Man dies in Tanglin bee attack

DEADLY SWARM: Pest-control worker Mohd Sallehen S. died after being stung by bees on Nov 6.


    Nov 22, 2013

    Man dies in Tanglin bee attack

    The New Paper

    THE task seemed easy enough: Get rid of a beehive on the lamp post beside a fallen tree.

    But the job took a deadly turn when three workers reached the spot at about 11am on Nov 6.

    Without warning, the bees - believed to be Malayan Wild Bees - turned on the men. All three were stung and hospitalised.

    One of them, Mr Mohd Sallehen S., died on the same day. He was in his early 30s.

    While The New Paper was unable to confirm officially if this was the first bee-attack death here, members of the pest-control community said it was the first time they had heard of such a death.

    It began when the Singapore Land Authority (SLA) was alerted to the presence of the bees.

    An SLA spokesman said: "Our officers visited (Sherwood Road in Tanglin) and discovered a (beehive) on a lamp post next to a fallen tree."

    They called pest-control company ATL Maintenance, which dispatched Mr Sallehen and two others to the site. A colleague who wanted to be known only as Mr Ahmad recalled: "The swarm was so thick, you couldn't count how many bees there were."

    The trio parked their van about 15m from the swarm, near a public carpark. Mr Ahmad opened the back door to retrieve their safety suits and other gear.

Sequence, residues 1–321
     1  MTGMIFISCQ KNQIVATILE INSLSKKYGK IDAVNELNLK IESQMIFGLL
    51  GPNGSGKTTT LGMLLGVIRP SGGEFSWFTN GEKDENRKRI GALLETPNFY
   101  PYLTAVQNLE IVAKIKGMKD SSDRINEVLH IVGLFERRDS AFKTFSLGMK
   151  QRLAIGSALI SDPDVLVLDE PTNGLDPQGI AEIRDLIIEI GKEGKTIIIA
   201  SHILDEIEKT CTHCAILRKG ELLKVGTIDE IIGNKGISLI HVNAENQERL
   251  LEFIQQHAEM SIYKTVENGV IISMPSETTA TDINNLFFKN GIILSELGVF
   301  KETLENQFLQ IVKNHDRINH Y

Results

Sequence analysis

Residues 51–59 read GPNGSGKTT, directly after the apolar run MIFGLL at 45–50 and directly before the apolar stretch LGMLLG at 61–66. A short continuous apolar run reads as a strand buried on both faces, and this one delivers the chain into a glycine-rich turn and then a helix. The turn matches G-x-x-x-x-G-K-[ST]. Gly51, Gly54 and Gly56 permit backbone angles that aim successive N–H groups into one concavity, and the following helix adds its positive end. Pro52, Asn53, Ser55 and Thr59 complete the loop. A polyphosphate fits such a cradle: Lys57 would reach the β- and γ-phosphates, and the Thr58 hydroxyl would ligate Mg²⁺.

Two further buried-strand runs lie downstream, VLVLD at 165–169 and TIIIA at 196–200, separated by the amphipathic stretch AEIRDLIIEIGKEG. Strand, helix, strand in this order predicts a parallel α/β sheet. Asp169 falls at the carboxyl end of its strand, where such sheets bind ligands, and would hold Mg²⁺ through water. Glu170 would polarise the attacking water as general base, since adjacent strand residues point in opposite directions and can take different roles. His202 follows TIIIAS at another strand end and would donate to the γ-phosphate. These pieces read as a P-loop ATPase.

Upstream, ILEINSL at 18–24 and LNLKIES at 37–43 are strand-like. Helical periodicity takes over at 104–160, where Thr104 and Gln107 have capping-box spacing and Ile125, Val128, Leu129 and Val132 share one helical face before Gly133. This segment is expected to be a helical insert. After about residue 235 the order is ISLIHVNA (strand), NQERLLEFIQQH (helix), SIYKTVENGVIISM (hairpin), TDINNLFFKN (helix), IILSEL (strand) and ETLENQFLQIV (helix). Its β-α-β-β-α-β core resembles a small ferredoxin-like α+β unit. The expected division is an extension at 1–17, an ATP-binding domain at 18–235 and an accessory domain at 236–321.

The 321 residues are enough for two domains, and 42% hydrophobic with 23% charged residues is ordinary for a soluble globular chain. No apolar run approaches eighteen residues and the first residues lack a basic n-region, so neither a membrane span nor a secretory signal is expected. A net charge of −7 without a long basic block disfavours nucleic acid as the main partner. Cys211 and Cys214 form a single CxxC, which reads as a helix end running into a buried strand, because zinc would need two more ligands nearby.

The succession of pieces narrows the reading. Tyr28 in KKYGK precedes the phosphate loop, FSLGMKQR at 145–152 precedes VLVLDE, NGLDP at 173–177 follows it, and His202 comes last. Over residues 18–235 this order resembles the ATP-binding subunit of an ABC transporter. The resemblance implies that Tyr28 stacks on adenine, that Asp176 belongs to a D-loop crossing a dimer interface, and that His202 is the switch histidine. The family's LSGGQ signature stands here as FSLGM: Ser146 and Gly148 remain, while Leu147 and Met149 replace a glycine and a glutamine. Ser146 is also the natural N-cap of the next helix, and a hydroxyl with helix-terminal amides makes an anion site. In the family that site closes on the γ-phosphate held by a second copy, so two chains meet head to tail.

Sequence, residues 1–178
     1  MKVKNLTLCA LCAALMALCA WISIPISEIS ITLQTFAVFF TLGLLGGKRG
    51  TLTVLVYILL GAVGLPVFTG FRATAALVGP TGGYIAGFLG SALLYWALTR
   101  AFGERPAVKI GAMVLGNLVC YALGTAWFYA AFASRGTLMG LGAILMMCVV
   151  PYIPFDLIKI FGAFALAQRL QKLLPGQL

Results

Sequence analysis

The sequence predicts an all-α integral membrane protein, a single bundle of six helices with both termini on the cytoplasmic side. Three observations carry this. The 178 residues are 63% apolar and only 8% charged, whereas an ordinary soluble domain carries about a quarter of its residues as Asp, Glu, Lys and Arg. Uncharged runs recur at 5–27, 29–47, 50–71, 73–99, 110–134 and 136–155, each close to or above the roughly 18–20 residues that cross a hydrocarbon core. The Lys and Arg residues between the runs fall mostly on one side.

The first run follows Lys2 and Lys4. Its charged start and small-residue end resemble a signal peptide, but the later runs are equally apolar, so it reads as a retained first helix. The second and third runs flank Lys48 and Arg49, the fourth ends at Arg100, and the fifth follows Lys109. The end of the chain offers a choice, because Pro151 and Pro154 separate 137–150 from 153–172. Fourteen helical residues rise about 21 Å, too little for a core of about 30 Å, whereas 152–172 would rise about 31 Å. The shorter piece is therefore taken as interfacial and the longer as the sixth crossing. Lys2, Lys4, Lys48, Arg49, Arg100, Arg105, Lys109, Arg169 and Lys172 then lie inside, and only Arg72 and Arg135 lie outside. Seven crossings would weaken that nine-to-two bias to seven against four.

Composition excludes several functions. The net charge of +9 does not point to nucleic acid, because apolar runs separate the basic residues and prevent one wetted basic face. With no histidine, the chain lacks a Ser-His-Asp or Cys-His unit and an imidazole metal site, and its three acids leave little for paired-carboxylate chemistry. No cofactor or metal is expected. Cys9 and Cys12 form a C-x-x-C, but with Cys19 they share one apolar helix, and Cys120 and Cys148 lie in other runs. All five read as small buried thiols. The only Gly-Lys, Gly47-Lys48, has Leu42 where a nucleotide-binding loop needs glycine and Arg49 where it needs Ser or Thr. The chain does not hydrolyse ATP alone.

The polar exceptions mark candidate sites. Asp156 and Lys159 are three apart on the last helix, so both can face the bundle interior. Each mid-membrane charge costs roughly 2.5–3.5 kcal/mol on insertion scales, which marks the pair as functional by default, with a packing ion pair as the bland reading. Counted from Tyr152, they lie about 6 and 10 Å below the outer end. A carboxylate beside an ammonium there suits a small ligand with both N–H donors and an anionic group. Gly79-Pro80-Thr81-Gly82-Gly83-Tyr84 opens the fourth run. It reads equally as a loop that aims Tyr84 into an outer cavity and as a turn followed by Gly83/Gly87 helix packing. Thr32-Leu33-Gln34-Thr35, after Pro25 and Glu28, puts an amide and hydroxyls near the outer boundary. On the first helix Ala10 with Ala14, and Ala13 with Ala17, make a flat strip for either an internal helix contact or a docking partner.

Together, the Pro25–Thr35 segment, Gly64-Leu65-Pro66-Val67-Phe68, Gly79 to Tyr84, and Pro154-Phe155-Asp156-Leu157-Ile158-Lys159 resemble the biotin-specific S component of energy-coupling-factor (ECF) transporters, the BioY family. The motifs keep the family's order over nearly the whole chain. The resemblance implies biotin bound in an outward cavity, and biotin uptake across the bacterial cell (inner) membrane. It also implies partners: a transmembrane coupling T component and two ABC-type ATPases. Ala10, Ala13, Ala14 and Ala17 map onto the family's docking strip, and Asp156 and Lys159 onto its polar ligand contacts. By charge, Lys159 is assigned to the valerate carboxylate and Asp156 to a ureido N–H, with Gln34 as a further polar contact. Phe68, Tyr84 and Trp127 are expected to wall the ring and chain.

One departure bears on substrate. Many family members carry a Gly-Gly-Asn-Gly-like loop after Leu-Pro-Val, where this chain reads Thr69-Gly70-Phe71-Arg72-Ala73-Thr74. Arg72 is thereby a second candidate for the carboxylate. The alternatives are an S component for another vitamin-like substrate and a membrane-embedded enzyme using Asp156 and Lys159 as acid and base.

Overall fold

That was when disaster struck.

    "All of a sudden, I noticed a lot of bees around my head. Then I felt them stinging my face," he said. "It happened so quickly. They were all over me, in my shirt and in my pants. There was no time to even touch the equipment or (safety) suit. The bees had already attacked."

    Shocked, he shouted, slammed the door shut, then pushed another colleague away from the danger. Mr Sallehen, who was sitting in the van, ran out. They couldn't lock themselves in the vehicle as the bees had already entered it.

    The men ran for their lives. Mr Ahmad called another team for help. All three were taken to the Singapore General Hospital.

    A colleague later told Mr Ahmad that "Sallehen was no more".

    A National University Hospital spokesman said Mr Sallehen's death could be due to anaphylaxis, an allergic reaction to bee venom.

    "We have not seen any deaths due to such reactions to bee venom at the (emergency department)," the spokesman added.

    Mr Sallehen had married his sweetheart, Ms Nurshila, in August.